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In Deephaven, Sarah Orne Jewett presents two American identities in the hope that they could explain each to the other. Deephaven is a sleepy Maine village more akin to York and Wells than to the South Berwick in which the author grew up and lived for much of her life. The town is twelve miles from the railroad and is described as being more English than American, the result perhaps of Jewett’s having, in 1874, read and been much influenced by Elizabeth Gaskell’s Cranford (1853).

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Deephaven is a composite of thirteen sketches that Jewett revised considerably and wove into a novel. The narrative is supplied by two summer visitors from the city, Helen Denis and Kate Lancaster, each twenty-four years old. Katherine Brandon, Kate’s great-aunt, has died and left her house in Deephaven to Kate’s mother, who grants the two young ladies use of it for the summer. In the course of the summer, Kate and Helen come to know a considerable gallery of locals, whom Jewett presents in authentic detail. They range from two retired sea captains to a fisherman to the widow Patton to Mrs. Kew, an earth mother who lives in the lighthouse, to Miss Honora Carew, who expresses her gratitude that Deephaven has “no disagreeable foreign population,” to Olive Grant, the obligatory gossip who serves the author’s need to reveal many facts.

The result of this summer is that two disparate camps begin to know, understand, and sympathize with each other. Recent critics have also suggested that the book has to do with the sexual identities of Kate and Helen, who might be inferred to have sexual feelings for each other, much as Jewett is thought to have had for many of her female friends.

Many of the characters in Deephaven are grotesques when compared with people in mainstream society. In Deephaven, however, they have established their identities and are accepted on an equal basis with their less eccentric fellow citizens. The people in town have been raised around one another and accept one another, each according to his or her own singular identity.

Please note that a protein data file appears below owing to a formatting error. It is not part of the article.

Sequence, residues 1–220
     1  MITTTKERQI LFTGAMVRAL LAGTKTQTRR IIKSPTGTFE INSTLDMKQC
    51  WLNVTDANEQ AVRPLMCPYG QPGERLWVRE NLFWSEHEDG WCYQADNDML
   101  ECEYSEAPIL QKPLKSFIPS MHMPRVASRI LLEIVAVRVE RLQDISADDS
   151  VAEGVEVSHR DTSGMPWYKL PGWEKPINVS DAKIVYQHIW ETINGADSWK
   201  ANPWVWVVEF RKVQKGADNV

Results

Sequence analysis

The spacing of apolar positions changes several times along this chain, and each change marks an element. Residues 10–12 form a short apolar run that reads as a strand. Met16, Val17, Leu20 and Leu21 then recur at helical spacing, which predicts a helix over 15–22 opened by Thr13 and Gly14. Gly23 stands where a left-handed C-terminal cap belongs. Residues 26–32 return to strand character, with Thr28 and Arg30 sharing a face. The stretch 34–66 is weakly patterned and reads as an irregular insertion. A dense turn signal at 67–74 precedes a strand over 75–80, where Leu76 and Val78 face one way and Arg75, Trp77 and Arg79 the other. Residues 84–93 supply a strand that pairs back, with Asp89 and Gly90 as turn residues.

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Kate Lancaster’s grandaunt, Katherine Brandon, had died, leaving to Kate’s mother a charming old house and the family estate, including wharf rights, at Deephaven, a quaint sea town that had known better days. Since Kate’s family was scattering for the summer, she asked Helen Denis, a friend, to spend the season with her in the old house on the Maine coast. They took two maids with them who came from that part of New England, and they left Boston without regret.

Riding with them in the stagecoach from the railway station was a large, weather-beaten but good-natured woman who turned out to be Mrs. Kew, the wife of the lighthouse keeper. She was a keenly observant person but so warmhearted that the girls knew that she meant her invitation to visit the Light, and by the end of the summer, they knew that wherever she was, there was always a home and a heart for them.

Grandaunt Brandon’s house was a sedate and imposing one, full of furnishings brought home by generations of seagoing ancestors. Its closets were filled with china, and its walls were covered by family portraits. The girls rummaged the place from cellar to attic until they felt that they knew Katherine Brandon as well as if she were still alive. Then they started to learn their way around the shore, out to the lighthouse, through the town, and out into the country.

People who had known Katherine Brandon and Kate’s mother felt themselves the girls’ friends by inheritance, and the girls were never lonely. Those people had held Katherine Brandon in great respect and with fond admiration. The girls tried to do nothing to hurt the Brandon name. Through Widow Jim Patton, they realized that Kate’s aunt had been a thoughtful, generous soul, who remembered in her will her less fortunate neighbors.

To the girls, it seemed...

(The entire section contains 1625 words.)

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